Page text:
Shriners never go anywhere without letting the populace for miles around know it and last night a calliope steam whistle, attached to the front of the train, played, ìHow Dry I Am.î and other popular airs from early evening until the sound gradually dimmed as the train sped into the distance. [11]


June 26, 1920

Portland Takes Off Its Hat to El Kahir Band and Iowa Corn Song

by Verne Marshall

PORTLAND, Ore., June 26 – Special – Cedar Rapids Shriners felt that El Kahir patrol and band from their city had swept the platter clean at the Imperial council meeting here when their song, "Iowa," yestersday worked into the Portland theaters after the refrain had been taken up by everyone who heard the Iowans sing and play it in the big parades.

The Oregonian, Portland’s leading newspaper, yesterday said, "You simply can’t choke off that tall corn song from Iowa. It is being sung everywhere. The song made its first hit Tuesday morning, but it was not until the last big night parade was held that it came into its own."

Potentate David Turner, scorning the formality so rigidly observed by other temple officers as they rode in evening dress at the head of their own patrols and bands, stood on the rear seat of a car decorated in the old gold and black Iowa colors, adorned with huge rabbits, bells, pennants and flags and led the Cedar Rapids band when it played the Iowa song and the patrol when it sang. From the start of the parade to the finish the band played the air, quitting only long enough to let the partrol sing. Great crowds which had been waiting for and watching the parade for four hours, rose to their feet en masse when the Cedar Rapids boys swung along at midnight, and cheered them to the echo. Everywhere along the crowded streets the people are singing "I Am From Iowa, Iowa. That’s Where the Tall Corn Grows," and the air has become so popular that the theaters were forced to take it up and improvise accompaniments.

Without a doubt the El Kahir boys from Cedar Rapids made far and away the most lasting impression of the scores of bands and patrols, many of them far larger and previously more famous, that have been in Portland this week. The Cedar Rapids visitors began leaving yesterday, breaking up and starting on the return trip over various routes. [1]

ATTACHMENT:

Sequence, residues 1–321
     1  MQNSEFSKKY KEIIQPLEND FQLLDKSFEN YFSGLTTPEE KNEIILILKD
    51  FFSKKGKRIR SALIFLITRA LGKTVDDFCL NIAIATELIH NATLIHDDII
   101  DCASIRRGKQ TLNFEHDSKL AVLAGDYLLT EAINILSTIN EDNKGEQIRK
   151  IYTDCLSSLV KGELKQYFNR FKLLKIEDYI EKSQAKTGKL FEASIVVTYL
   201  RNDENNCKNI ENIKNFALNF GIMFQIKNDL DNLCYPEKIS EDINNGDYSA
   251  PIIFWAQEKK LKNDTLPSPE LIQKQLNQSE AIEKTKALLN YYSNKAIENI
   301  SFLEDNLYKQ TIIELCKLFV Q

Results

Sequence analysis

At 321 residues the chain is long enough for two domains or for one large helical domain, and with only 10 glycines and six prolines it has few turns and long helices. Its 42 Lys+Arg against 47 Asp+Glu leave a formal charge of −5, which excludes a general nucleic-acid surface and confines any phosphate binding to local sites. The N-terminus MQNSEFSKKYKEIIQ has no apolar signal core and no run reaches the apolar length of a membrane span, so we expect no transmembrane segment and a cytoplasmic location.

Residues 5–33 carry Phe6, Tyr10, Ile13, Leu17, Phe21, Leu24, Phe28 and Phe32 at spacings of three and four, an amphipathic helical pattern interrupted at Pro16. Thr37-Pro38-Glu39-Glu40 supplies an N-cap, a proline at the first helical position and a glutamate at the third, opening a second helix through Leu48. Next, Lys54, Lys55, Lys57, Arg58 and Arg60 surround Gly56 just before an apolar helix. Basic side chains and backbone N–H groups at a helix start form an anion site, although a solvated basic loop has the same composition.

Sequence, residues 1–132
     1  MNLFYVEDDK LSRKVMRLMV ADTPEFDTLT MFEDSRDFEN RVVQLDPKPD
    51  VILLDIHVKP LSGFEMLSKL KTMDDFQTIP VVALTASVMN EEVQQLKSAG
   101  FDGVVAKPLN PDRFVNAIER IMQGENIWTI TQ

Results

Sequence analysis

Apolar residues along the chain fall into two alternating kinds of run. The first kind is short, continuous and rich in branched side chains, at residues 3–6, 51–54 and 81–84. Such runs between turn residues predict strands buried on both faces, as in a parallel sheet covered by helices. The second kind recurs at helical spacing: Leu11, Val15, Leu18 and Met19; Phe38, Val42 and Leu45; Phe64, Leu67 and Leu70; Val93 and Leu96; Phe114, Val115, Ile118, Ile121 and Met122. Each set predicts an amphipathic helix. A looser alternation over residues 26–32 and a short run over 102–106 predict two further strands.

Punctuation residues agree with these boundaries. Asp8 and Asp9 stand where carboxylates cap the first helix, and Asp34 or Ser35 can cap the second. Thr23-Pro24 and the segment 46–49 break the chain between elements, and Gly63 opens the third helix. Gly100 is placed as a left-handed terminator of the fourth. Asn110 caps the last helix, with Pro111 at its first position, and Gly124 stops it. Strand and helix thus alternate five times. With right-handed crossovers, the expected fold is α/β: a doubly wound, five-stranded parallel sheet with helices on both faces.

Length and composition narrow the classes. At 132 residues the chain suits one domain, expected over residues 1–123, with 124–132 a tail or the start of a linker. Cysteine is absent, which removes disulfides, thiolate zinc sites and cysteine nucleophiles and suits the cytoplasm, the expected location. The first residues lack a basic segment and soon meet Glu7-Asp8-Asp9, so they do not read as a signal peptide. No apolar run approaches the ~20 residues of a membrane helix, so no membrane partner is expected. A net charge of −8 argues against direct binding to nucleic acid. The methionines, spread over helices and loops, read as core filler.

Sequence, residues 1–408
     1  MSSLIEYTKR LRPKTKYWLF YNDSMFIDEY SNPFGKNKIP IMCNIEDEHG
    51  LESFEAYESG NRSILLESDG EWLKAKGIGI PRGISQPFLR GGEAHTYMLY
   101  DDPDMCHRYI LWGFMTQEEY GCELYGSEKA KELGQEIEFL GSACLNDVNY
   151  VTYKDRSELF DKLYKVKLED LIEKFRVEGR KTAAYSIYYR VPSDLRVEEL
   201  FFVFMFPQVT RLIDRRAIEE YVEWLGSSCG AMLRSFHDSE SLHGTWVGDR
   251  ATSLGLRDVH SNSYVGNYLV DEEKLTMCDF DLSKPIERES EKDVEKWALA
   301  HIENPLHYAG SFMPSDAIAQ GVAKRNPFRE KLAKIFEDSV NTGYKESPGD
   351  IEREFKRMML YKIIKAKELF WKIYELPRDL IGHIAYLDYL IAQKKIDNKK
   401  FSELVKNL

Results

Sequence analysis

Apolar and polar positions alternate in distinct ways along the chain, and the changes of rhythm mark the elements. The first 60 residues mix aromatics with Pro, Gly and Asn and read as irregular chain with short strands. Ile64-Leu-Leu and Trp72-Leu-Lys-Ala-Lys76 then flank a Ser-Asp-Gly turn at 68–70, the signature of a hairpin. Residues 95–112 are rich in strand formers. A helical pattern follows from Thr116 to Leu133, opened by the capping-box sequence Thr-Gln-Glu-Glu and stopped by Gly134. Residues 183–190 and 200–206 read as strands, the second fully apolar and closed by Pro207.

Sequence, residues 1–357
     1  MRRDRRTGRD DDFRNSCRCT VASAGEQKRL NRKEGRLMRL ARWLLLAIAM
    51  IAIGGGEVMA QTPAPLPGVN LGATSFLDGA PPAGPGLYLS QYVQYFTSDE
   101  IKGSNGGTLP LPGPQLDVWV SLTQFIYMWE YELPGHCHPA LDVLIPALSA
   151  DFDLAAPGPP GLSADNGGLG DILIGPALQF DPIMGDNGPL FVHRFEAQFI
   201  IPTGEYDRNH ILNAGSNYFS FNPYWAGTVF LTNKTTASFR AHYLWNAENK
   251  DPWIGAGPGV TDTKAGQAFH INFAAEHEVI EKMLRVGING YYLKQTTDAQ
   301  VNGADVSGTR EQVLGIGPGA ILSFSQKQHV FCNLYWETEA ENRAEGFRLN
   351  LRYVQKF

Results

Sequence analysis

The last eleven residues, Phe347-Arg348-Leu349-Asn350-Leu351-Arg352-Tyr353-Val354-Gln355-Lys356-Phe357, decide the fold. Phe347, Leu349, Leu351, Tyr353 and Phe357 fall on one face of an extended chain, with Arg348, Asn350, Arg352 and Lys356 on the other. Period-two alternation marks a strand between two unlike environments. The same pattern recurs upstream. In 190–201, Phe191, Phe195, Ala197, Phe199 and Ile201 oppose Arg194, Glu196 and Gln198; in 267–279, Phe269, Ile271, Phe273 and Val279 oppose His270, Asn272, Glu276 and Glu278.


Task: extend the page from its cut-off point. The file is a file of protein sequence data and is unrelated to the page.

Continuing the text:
June 28, 1920

"No city in which a Shriner’s convention has ever been held endeavored so hard to entertain its guest as did Portland," declared John Burlanek. Mr. Burlanek returned early today from the big Shrine convention held there last week.

"Portland people did all they could for us and they were really swamped. The offer of automobiles for us to use was almost unanimous from every motorist in the city. We certainly had a wonderful time."

Speaking of the hit made by the Iowa corn song, Mr. Burlanek said he never witnessed such wild enthusiasm from a crowd as when the Cedar Rapids delegation led in singing the song during the big parade on the day of the rose festival. "People simply yelled their heads off," he declared, "and everybody, everywhere was singing the refrain.

"I saw a woman from Centerville watching the parade, and on one corner, an aged man who said he was a native of Iowa, wept unashamed as the Iowa song brought back fond memories."

"Accomodations in hotels were absolutely unavailable for more than a small portion of approximately 100,000 visitors. We all slept in our Pullman cars. Temporary tracks were laid in many streets of the city and on these our cars were sidetracked.

"The Union Pacific railroad, on which practically all of the Shriner specials were taken into the city, had one or two high officials of the road on board. Passenger locomotives were taken from passenger trains for use on the specials and freight locomotives were used in their stead. All freight traffic in and out of the city was suspended during the five-day period when special trains were arriving and departing.

"One of the best things about the whole affair was our own Cedar Rapids, El Kahir band, which took all honors." [11]